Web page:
This paper demonstrates how to plan a contingent valuation experiment to assess the value of ecologically produced clothes. First, an appropriate statistical model (the trinomial spike model) that describes the probability that a randomly selected individual will accept any positive bid, and if so, will accept the bid A, is defined. Secondly, an optimization criterion that is a function of the variances of the parameter estimators is chosen. However, the variances of the parameter estimators in this model depend on the true parameter values. Pilot study data are therefore used to obtain estimates of the parameter values and a locally optimal design is found. Because this design is only optimal given that the estimated parameter values are correct, a design that minimizes the maximum of the criterion function over a plausable parameter region (i.e. a minimax design) is then found.

  • 6.
    Ferrer-Wreder, Laura
    et al.
    Stockholm University, Sweden.
    Wänström, Linda
    Linköping University, Department of Computer and Information Science, Statistics. Linköping University, Faculty of Arts and Sciences.
    Corovic, Jelena
    University of Örebro, Sweden.
    Midlife Outcomes of Educationally Underachieving Swedish Adolescents With Above Average Generalized Intelligence2014In: RESEARCH IN HUMAN DEVELOPMENT, ISSN 1542-7609, Vol. 11, no 3, p. 217-236Article in journal (Refereed)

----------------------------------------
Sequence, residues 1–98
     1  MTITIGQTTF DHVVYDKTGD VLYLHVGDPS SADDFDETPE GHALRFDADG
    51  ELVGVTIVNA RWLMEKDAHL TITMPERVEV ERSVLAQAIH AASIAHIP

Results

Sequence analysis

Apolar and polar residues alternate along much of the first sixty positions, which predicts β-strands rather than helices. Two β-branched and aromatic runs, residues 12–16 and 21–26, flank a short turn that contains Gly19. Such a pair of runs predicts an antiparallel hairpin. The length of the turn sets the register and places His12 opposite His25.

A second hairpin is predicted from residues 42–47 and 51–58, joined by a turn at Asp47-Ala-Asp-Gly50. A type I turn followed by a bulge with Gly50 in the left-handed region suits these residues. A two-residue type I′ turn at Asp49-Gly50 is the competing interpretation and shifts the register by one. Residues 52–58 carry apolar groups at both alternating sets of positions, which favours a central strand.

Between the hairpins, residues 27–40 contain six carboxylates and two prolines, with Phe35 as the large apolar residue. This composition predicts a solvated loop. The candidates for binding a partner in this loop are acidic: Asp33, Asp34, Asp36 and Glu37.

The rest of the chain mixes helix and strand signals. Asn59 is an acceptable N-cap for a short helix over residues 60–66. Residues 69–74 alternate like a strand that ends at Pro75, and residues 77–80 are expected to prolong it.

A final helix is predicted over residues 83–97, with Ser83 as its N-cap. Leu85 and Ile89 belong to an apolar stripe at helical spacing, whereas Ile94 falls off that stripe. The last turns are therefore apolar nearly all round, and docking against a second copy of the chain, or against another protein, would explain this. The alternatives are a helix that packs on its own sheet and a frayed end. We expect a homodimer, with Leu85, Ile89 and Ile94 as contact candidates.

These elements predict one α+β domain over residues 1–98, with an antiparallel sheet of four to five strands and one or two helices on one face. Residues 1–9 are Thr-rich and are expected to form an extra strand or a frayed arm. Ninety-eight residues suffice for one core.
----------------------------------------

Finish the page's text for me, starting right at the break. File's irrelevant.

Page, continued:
Abstract [en]

    Some people will follow a different educational path despite having the intellectual ability to do well in school. This study explored how educational achievers and underachievers were different from each other in middle adulthood as well as examined which individual and contextual factors in adolescence were important to educational underachievement in middle adulthood. Participants are a school cohort followed from age 10 to middle adulthood (N = 1,326) and are from the Swedish longitudinal research program entitled Individual Development and Adaptation. This study focuses on a subgroup of Individual Development and Adaptation participants (n = 304) with above average intelligence (Mean IQ = 119.39, SD = 5.97). Study findings showed that a minority of adolescents in the study focal group (26%) did not complete high school, and women were more likely to educationally underachieve than men. A simultaneous multilevel logistic regression, with school class accounted for in the analysis, showed that for those of above average intelligence parents socioeconomic status and school grades were the strongest predictors of educational attainment. Finally, in midlife, underachievers had lower incomes and occupational levels, drank less frequently, and rated their health as worse than achievers. Study implications are discussed in terms of ways to advance the field of gifted underachievement and in relation to Swedish gifted educational policy.

  • 7.
    Ghilagaber, Gebrenegus
    et al.
    Stockholm University, Sweden.
    Wänström, Linda
    Linköping University, Department of Computer and Information Science, Statistics. Linköping University, Faculty of Arts and Sciences. Stockholm University, Sweden.
    Adjusting for selection bias in assessing the relationship between sibship size and cognitive performance2015In: Journal of the Royal Statistical Society: Series A (Statistics in Society), ISSN 0964-1998, E-ISSN 1467-985X, Vol. 178, no 4, p. 925-944Article in journal (Refereed)
    Abstract [en]